In this paper, we first demonstrate that an instructional design process of Technology Enhanced Learning (TEL) systems based on a Model Driven Approach (MDA) addresses the limits of Learning Technology Standards (LTS), such as SCORM and IMS-LD. Although these standards ensure the interoperability of TEL systems across different Learning Management Systems (LMS), they are generic and lack expressiveness. In addition, the use of LTS limits designers to using a compliant LMS. MDA addresses these limits by allowing pedagogic modeling based on specific modeling languages and by ensuring interoperability across Learning Management Systems based on model transformations. In the context of an MDA-based design process, we propose a novel approach, named ACoMoD, to help designers to bridge the gap between pedagogic modeling and LMS specifications, based on graphic and interactive model transformations. Our approach, implemented with a tool called Gen-COM, enables designers to choose more effective LMS tools, based on a contextual recommendation of best practice for LMS tool use. Gen-COM and its evaluation with designers are described in this paper. The main results show, first, the usefulness of tailoring pedagogy with LMS tools based on the proposed solution. Second, the results show different levels of usefulness of the proposed assistance according to different situations that will be detailed. Some improvements are suggested and are in progress concerning the extension of Gen-COM to offer assistance to designers based on their profiles. © 2008-2011 IEEE.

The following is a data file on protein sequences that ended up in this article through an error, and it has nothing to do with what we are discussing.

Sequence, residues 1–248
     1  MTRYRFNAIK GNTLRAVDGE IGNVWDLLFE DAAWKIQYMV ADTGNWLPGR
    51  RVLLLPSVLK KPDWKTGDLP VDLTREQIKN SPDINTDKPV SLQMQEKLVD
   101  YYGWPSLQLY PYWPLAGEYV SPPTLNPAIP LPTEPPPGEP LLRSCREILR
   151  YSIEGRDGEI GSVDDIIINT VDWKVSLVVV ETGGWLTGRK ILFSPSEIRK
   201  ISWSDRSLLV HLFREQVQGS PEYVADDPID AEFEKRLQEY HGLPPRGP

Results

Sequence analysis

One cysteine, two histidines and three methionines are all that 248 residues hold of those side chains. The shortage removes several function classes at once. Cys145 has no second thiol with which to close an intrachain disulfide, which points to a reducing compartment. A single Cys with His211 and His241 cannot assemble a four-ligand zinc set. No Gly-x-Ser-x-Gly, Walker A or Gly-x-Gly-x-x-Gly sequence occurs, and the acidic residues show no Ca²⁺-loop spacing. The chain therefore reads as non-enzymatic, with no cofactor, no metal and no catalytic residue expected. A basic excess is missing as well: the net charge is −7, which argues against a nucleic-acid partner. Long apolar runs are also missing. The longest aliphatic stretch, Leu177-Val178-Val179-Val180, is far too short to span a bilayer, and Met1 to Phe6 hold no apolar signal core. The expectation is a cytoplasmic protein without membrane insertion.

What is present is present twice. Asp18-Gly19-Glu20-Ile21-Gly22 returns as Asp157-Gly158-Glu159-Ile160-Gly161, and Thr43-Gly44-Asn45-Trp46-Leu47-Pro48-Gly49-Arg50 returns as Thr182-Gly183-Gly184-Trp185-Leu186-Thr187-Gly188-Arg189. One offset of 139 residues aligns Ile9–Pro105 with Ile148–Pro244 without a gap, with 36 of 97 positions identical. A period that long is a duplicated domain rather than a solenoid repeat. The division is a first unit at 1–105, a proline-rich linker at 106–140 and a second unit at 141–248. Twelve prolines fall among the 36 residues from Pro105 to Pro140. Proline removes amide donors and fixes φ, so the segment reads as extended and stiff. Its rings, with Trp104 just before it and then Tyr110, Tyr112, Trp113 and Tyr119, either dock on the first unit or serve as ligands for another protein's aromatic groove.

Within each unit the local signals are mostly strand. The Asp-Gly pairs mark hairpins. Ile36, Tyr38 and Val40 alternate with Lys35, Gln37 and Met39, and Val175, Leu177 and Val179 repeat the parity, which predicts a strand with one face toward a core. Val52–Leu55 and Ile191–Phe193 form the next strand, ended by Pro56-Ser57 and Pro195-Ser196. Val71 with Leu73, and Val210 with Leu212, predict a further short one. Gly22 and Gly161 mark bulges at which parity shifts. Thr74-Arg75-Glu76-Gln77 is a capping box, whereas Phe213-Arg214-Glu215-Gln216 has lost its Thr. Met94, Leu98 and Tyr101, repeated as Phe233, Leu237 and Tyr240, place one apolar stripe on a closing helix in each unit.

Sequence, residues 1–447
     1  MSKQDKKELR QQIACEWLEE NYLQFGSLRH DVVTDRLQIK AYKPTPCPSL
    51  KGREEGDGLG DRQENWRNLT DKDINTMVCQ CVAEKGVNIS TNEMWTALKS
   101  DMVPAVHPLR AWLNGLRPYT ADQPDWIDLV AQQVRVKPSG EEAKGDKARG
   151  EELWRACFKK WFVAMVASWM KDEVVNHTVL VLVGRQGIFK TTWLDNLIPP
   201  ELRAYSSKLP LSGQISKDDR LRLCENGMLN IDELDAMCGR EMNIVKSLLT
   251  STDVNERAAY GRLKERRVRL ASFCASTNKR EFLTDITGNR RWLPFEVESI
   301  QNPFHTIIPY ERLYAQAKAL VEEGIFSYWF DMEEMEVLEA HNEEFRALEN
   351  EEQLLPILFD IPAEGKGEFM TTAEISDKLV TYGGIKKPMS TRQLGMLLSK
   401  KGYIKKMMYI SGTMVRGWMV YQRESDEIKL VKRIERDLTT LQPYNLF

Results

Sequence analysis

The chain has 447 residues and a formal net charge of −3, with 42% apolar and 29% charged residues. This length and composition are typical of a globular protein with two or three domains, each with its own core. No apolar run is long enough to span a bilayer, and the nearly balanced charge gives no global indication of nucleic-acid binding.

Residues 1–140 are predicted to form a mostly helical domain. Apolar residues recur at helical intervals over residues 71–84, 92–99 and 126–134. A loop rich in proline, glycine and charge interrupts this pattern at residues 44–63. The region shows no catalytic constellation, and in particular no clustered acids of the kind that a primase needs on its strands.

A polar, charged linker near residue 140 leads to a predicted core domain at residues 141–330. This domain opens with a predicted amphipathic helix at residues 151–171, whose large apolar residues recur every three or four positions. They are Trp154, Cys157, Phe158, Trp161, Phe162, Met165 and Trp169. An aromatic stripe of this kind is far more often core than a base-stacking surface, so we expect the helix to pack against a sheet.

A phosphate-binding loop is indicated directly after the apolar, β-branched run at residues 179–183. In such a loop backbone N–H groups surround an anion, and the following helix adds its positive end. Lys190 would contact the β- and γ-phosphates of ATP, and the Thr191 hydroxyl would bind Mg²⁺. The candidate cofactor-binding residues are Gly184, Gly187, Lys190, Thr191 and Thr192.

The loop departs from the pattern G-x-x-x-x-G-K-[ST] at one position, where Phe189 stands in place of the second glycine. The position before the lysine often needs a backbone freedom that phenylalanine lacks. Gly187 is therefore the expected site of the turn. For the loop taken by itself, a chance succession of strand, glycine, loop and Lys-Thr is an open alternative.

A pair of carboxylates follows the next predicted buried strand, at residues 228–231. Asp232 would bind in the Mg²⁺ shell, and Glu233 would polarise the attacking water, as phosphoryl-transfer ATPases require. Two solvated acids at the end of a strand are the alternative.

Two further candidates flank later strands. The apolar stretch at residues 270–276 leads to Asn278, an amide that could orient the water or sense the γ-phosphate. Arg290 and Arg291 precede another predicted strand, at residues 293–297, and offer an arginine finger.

Quesnel G.,French National Institute for Agricultural Research | Trepos R.,French National Institute for Agricultural Research | Ramat E.,ULCO
SIMULTECH 2012 - Proceedings of the 2nd International Conference on Simulation and Modeling Methodologies, Technologies and Applications | Year: 2012

The observation of a simulation is an important task of the modeling and simulation activity. However, this task is rarely explained in the underlying formalism or simulator. Observation consists to capture the state of the model during the simulation. Observation helps understand the behavior of the studied model and allows improving, analyzing or debugging it. In this paper, we focus on appending an observation mechanism in the Parallel Discrete Event System Specification (PDEVS) formalism with guarantee of the reproducible simulation with or without observation mechanism. This extension to PDEVS allows us to observe models at the end of the simulation or according to a time step. Thus, we define a formal specification of this extension and its abstract simulators algorithms. Finally, we present an implementation in the DEVS framework VLE.

Cherel Y.,CNRS Chize Center for Biological Studies | Koubbi P.,University Pierre and Marie Curie | Giraldo C.,University Pierre and Marie Curie | Penot F.,University Pierre and Marie Curie | And 6 more authors.